So, just before I dialled 911, I came to a stop at a set of lights right there at that cross street. And I looked over and there was a Boston Pizza, and soon as I saw it, I said, “Oh, wouldn’t it be something if they shut down all the Boston Pizzas tonight, just to give the Leafs a chance to win this game”.
And as I was saying that the van pulled up beside me, which was his van. And it kind of moved just ahead of me a little bit. So I couldn’t really see [00:09:00] him, but I saw the van, the rental van, and now the light turned green and he floored it. He like, you could hear the engine, his engine scream. And I’m thinking to myself, there’s a parked vehicle right there on the side. If you want to pass me, cause I was in the middle lane, go right ahead. I’m in no rush. I’m early for work.
But then I saw him immediately veer toward the sidewalk. At this point, my foot was off the gas, and I was starting to break. And I’m watching in disbelief, and watching him run people over. Finally, Anne Marie was the last one and she was left there, flat on her back on the ground.
So when I saw it, I just, I ran right to the sidewalk. I ran right to her and when I ran to her, I dropped to my knees, but I had the [00:10:00] phone on my ear, holding it, and talking to the 911 operator. And I stayed with her and talked to her. And after about, I’d have to say maybe, I dunno, it’s probably the longest 13, 14 minutes of my life.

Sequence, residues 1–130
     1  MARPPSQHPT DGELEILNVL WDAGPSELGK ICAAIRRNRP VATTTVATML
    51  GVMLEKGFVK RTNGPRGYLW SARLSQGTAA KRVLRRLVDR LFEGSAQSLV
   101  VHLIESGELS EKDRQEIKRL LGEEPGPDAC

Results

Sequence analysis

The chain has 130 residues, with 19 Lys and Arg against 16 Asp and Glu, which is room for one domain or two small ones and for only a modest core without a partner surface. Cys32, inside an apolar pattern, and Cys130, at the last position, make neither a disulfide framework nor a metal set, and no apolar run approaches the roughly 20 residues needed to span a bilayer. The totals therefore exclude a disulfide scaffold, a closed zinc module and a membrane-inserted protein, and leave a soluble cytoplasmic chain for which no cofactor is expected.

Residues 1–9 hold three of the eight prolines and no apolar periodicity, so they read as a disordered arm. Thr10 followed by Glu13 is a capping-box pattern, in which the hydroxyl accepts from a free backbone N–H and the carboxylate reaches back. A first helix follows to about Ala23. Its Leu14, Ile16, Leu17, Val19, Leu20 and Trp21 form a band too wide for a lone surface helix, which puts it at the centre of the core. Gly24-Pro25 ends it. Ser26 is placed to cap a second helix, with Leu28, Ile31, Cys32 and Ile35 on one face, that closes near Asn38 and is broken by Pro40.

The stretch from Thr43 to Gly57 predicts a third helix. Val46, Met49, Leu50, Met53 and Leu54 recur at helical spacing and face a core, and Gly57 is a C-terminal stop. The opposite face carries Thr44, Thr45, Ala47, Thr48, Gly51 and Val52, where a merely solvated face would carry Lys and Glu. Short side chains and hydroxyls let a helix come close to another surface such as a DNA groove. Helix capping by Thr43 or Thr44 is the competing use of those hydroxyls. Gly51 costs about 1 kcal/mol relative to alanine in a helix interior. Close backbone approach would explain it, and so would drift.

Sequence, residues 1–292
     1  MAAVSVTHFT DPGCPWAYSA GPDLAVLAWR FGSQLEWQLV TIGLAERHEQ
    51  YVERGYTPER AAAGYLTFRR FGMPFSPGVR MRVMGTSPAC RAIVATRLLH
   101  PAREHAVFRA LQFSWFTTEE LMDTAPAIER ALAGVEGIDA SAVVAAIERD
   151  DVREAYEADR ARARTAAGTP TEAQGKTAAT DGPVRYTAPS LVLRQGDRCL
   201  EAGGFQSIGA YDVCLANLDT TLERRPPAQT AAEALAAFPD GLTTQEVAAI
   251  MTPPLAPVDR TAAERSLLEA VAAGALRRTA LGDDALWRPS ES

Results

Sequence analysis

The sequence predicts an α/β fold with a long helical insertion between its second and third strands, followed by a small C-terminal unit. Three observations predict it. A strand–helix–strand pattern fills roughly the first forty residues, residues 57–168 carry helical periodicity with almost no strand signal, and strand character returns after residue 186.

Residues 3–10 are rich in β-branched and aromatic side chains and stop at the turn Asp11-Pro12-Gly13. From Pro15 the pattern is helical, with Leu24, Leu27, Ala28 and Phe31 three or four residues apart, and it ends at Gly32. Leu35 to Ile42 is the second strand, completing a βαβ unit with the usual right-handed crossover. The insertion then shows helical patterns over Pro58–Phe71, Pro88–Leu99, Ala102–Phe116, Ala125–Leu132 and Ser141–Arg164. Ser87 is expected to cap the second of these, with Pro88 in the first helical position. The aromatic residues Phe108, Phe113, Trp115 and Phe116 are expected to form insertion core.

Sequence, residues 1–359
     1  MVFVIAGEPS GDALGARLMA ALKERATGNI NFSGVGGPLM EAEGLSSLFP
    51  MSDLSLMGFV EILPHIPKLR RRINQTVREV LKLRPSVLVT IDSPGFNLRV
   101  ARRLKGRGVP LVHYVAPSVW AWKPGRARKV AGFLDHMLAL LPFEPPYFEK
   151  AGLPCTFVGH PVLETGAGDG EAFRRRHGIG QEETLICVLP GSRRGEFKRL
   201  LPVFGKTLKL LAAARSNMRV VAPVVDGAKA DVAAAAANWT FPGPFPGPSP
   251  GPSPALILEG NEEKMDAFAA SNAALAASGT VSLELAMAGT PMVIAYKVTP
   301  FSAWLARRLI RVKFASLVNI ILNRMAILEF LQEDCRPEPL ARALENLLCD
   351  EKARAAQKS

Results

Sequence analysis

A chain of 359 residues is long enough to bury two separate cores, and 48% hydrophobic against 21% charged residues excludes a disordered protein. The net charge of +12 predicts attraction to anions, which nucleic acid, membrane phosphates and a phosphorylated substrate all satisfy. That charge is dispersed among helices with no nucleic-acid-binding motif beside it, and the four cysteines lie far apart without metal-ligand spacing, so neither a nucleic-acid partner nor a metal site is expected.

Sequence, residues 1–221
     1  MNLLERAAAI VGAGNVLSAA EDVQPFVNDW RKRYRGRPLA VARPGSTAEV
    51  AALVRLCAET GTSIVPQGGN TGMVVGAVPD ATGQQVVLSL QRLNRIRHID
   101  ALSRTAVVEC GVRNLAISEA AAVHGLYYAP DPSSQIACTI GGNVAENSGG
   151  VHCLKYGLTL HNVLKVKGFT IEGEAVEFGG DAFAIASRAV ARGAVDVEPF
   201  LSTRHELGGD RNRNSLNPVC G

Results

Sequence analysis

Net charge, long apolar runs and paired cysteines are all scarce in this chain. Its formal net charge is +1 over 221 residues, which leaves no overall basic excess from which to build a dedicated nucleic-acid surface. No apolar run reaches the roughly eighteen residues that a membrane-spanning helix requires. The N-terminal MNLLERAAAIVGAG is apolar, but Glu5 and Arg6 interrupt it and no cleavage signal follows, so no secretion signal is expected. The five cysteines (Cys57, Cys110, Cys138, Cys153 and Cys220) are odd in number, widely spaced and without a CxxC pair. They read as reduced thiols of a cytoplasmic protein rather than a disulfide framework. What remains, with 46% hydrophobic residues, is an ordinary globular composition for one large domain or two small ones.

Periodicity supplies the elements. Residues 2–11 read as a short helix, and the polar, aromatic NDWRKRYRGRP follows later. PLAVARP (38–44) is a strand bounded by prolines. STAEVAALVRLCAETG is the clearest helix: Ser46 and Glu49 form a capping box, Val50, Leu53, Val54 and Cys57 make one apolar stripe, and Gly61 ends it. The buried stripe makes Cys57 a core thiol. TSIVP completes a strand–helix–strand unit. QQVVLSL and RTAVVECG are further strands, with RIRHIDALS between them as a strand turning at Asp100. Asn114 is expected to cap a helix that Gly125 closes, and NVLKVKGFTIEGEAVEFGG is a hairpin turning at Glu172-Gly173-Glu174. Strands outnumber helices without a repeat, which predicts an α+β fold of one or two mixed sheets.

It was 13 minutes till they got to me.
Stefanie Phillips: Anne Marie D’Amico was 30 years old when she died that day. At the time, she was a complete stranger to Rob. He had no idea who this woman was or why fate had brought him there on the pavement with her.
Rob Greco: After leaving the scene, I drove up the street and pulled into a gas station and I just stopped and put my head on my steering wheel. And I just bawled my eyes out and then I just kept telling myself, “Rob, get it together, get it together. You got to get [00:11:00] home where you’re safe. You need to get home to be safe.” And I managed to drive myself home. I pulled into the driveway and I sat in my truck with blood on one side of my leg and boots.
And I just sat in my truck for about 45 minutes and I didn’t move. And my girlfriend came home and said, “What are you doing in the truck? Why aren’t you inside?” And I said, “I don’t know.” I just, I couldn’t move. I was in shock. I couldn’t move. She goes, “Get out, come out of the truck.” Then she saw my pants and my boots, she goes, “My God, you’re still in those clothes, you got to get undressed, got to get washed up.”